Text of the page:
Surgical Correction of Juvenile Bunion
B. David Horn
Adolescent bunion is a multifactorial, complex deformity consisting of medial deviation of the first metatarsal (metatarsus primus varus), lateral deviation of the great toe through the first metatarsophalangeal joint (hallux valgus), and enlarged medial eminence of the distal first metatarsal.2, 3, 4, 6
Other findings include contracted lateral and lax medial soft tissues of the first metatarsophalangeal joint, lateral subluxation of the sesamoids, pronation of the great toe, plantar subluxation of the abductor hallucis muscle, and generalized ligamentous laxity, flexible pes planus, and gastrocnemius contracture.
Medial prominence of the first metatarsal head
Minimal or no deformity through the first interphalangeal joint
Lateral translation of sesamoids
Plantar-lateral positioning of the abductor hallucis with unopposed pull of the adductor hallucis muscle
Lateral subluxation of the extensor hallucis longus and flexor hallucis longus tendons
Pronation (internal rotation) of the first toe
Differs from an adult bunion
Physis of the first metatarsal and proximal phalanx are located proximally (this limits ability to perform proximal osteotomies in skeletally immature patients).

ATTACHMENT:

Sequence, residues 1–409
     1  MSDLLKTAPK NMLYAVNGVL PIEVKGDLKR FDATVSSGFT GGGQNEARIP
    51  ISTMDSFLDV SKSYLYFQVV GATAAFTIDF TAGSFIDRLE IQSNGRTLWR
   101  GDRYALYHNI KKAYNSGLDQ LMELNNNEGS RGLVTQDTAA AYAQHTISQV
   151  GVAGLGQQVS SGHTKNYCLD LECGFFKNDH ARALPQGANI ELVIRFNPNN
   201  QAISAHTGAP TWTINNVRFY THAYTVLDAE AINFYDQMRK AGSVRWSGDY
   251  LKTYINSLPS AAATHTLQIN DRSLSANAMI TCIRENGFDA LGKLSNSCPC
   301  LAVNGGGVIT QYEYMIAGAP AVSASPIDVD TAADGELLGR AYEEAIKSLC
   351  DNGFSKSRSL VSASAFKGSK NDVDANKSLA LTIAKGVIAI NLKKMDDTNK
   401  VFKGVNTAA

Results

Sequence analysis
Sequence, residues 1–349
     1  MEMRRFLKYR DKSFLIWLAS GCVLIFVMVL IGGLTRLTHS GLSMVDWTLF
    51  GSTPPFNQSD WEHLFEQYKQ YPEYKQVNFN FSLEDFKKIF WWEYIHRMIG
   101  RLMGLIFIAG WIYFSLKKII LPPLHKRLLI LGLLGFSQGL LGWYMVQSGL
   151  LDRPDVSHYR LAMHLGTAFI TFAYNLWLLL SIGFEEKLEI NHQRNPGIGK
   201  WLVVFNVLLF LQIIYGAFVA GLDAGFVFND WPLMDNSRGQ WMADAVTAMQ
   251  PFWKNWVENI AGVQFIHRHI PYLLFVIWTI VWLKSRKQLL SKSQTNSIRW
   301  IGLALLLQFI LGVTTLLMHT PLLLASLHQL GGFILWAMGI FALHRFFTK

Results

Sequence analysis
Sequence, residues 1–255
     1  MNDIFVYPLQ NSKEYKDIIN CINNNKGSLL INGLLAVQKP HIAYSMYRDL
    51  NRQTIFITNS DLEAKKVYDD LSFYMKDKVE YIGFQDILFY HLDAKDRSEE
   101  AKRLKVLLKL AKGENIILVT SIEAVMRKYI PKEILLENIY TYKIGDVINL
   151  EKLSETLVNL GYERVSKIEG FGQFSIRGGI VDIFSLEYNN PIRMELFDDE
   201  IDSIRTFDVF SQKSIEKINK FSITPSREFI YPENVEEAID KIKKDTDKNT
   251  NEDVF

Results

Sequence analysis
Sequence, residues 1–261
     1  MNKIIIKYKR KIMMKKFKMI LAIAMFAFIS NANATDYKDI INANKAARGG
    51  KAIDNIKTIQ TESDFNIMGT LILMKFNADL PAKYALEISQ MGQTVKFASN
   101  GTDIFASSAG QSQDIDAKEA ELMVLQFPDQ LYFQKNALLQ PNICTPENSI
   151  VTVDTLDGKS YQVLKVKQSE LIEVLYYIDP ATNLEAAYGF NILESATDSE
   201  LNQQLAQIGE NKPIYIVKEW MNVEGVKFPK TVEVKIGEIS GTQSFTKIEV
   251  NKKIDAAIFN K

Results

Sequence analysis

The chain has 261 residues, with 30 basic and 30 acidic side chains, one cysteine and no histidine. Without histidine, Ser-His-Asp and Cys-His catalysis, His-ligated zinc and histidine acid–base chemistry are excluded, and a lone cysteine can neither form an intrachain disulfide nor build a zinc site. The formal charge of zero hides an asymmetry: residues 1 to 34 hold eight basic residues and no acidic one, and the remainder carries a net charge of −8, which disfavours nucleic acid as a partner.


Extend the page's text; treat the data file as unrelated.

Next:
The first metatarsophalangeal joint does not have osteoarthrosis.
The medial eminence is less prominent in adolescent bunions than in adult bunions.
Multiple theories exist; it is difficult to differentiate primary findings from secondary ones.2, 3, 6
Extrinsic and intrinsic factors contribute to formation of adolescent bunions.
Metatarsus primus varus
Obliquity of the medial cuneiform-first metatarsal joint
Long first metatarsal
Heel cord contracture causes foot pronation, which in turn places a valgus force on the hallux while walking
Shoe wear, particularly those with a narrow toe and elevated heel
PATIENT HISTORY AND PHYSICAL FINDINGS
Complaints about appearance of foot
Complaints of pain over the medial exostosis or about the first metatarsophalangeal joint
Pain is exacerbated by shoe wear.
Complaints about finding shoes that are comfortable
Areas of tenderness: first metatarsophalangeal joint, medial prominence
Alignment when standing and walking
Mobility of first metatarsophalangeal joint
Skin condition: the clinician should search for calluses, areas of irritation
Foot and ankle range of motion
Careful neurologic examination